5. On the merits, these defendants contended that plots 6 and 10 in suit appertained to taluk No. 39, two-thirds of plots 3 and 14 and half of plot 9 belonged to them, and that the remaining shares of the said three plots belonged to defendant 1 in the suit. It is to be noticed that the judgment only in the Suit No. 44 of 1907 was filed in the present case, and no other materials on which the plea of res judicata could be founded was before the Court. It appears from the judgment in the previous litigation that an issue was raised as to whether the kabala set up by the plaintiffs was a bona fide transaction; and the finding recorded by the Court on that issue was that the kabala was executed by defendant 1 and father of defendants 2 and 3, and that 'it was a bona fide true deed.' There was an ex parte decree passed against defendants 1, 2 and 3, amongst others, and the plaintiffs' claim to plot 6, 10, two-thirds of plots 3 and 1 and half of plot 9 was dismissed, defendants 4 to 8, the plaintiffs in the present suit, were to bear their own costs. It is difficult to make out, from the judgment in Suit No. 44 of 1907, the exact position taken up by the parties then before the Court, in the absence of the pleadings; and it is impossible to say in what precise manner the question of the bona fides of the kabala of 1299 B.S. was raised before the Court.
6. It does not appear that the question, whether Golakeshwari had any legal necessity for executing the kabala, was raised in the Suit No. 44 of 1907. The arguments in support of the appeal, so far as they relate to the plea of res judicata, are that the decision of the suit in Suit No. 44 of 1907, on the question of bona fide of the kabala of 1299 B.S., on which the defendants' case in the present litigation is based, has to be treated as conclusive between the plaintiffs and the defendants: and the question of legal necessity as raised in the present case could not be allowed to be agitated again; further that, even if it be considered that the question of legal necessity was not raised in the previous litigation by defendants 4 to 8, the plaintiffs in the present litigation, the question was one which might and ought to have been made a ground of defence, as contemplated by Expl. 4, Section 11, Civil P.C., and as such should be deemed to have been a matter directly and substantially in issue in the previous litigation, so as to invoke the principles of res judicata in aid of the defendants in the present case.
7. In support of the latter argument, reliance was placed on behalf of the appellant on the decision of this Court in the case of Shyama Charan Banerjee v. Mrinmayi Debi (1902) 31 Cal 79, in which case a previous suit brought by the defendant's husband against the plaintiff for declaration of title to the property in suit was not defended, and an ex parte decree was passed in a subsequent suit by the plaintiff to have his title to the property declared, to have the sale to the defendant's husband set aside, as having been made without legal necessity, and to recover possession; the defence was that the suit was barred by the operation of the rule of res judicata; and it was held that the question of validity of the sale to the defendant's husband ought to have been raised by way of defence to the previous suit, and it was therefore to be treated as having been directly and substantially in issue in that suit, and was consequently res judicata. It may be mentioned here that the importance the learned District Judge in the Court below has attached to the fact that the decree in Suit No. 44 of 1907 was passed against Golakeshwari ex parte, without any contest on her part, does not commend itself to us.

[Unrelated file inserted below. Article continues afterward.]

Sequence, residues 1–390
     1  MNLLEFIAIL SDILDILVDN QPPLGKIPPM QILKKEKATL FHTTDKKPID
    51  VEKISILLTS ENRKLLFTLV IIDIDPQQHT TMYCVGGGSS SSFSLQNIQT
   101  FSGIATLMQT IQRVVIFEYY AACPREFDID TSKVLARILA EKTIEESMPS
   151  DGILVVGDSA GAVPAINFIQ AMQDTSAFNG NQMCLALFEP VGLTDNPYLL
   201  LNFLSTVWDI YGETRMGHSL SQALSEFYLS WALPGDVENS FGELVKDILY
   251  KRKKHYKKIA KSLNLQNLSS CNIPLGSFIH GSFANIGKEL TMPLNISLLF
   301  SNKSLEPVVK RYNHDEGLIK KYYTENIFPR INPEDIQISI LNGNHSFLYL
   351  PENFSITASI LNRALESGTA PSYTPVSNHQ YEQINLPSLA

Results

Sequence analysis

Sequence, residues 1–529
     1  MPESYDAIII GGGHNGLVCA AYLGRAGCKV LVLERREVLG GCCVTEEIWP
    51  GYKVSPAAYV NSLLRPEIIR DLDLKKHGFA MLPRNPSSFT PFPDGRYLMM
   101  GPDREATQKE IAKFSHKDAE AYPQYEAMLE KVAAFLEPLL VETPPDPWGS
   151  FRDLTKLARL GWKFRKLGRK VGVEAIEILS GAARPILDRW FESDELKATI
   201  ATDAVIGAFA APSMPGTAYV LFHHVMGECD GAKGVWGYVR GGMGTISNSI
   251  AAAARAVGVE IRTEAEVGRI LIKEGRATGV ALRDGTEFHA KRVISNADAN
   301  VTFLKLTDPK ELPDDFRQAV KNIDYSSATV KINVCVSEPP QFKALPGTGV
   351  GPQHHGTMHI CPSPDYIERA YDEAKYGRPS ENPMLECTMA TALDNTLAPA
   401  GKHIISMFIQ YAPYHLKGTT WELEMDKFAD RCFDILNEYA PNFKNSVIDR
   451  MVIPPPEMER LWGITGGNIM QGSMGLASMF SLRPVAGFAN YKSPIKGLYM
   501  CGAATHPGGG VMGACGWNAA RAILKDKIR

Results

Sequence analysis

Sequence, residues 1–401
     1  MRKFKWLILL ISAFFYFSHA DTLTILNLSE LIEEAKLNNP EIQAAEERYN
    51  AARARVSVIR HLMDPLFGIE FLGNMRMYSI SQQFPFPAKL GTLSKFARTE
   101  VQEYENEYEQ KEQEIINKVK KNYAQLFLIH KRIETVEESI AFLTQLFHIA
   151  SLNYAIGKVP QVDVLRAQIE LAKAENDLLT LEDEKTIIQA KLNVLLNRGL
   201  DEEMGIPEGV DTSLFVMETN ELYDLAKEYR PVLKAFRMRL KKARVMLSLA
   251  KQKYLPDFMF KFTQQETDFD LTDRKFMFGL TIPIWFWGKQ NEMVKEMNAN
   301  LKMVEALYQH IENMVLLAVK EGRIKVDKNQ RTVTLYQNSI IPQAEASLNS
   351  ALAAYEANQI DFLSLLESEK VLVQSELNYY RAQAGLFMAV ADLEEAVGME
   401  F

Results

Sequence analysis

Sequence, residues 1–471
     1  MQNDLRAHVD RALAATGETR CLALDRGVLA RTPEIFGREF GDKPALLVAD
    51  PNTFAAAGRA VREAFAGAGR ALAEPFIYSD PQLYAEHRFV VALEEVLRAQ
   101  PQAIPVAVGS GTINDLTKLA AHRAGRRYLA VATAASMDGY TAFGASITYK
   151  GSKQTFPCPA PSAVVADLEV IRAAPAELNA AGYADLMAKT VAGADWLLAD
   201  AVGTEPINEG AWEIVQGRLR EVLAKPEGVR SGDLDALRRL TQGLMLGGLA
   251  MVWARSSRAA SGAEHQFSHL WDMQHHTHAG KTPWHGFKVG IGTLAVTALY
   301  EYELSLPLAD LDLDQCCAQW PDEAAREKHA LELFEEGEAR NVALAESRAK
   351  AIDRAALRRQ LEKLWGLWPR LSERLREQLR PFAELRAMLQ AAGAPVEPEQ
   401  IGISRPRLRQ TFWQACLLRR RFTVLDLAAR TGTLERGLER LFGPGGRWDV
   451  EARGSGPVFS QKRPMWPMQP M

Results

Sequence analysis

8. The decree which was passed ex parte against the holder of a woman's estate under the Hindu law, may be binding on the reversioner, unless the decree could be impeached on some special ground unless it could be shown that it was not obtained fairly and properly. The decree in the previous litigation against Golakeshwari has not been proved to be one unfairly or improperly obtained. The question however remained whether the decree against Golakeshwari passed ex parte incorporated a decision on the question of legal necessity as raised by the plaintiffs in the present litigation. We have no means of ascertaining what the exact significance of impeaching the sale of 1299 B.S. by Golakeshwari on the ground of bona fides as mentioned in the judgment in Suit No. 44 of 1907 was: and we are unable to hold on the materials before us that the plea of res judicata arising for consideration in this case could be substantiated and has been substantiated in any way, by the defendants, on the ground that there was an express decision in the previous litigation bearing upon the question of legal necessity for the sale of 1299 B.S. It is not possible for us to say that the conclusion arrived at by the Court in the suit of 1907 that the kabala of 1299 was a 'bona fide true 'deed,' was sufficient for the purpose of disposing of the question of legal necessity raised by the parties in the present litigation. The application of what is sometimes called 'constructive' res judicata founded upon Expl. 4, Section 11, Civil P. C, has to be taken into consideration next. A matter directly and substantially in issue may be in issue constructively. The question whether a matter ought to have been made a ground of defence must depend on the particular facts of each case. As a rule of general application, it may be said that if the introduction of a matter into a suit was necessary for a complete and final decision of the right claimed by the plaintiff therein, it must be deemed to be a matter which ought to have been made a ground of attack or defence in that suit, unless the matters in that suit and the subsequent suit are so dissimilar that their union might lead to confusion: sea Kameswar Pershad v. Rattan Koer (1892) 20 Cal 79. Judged in the light of the above principles the previous suit of 1907, to which Golakeshwari was a party, and to which the sons of Kunjabihari were also parties, could not be held to be one in which it was incumbent upon defendants 4 to 8 in that suit the plaintiffs in the present litigation, to raise the question of legal necessity as they have done in this case.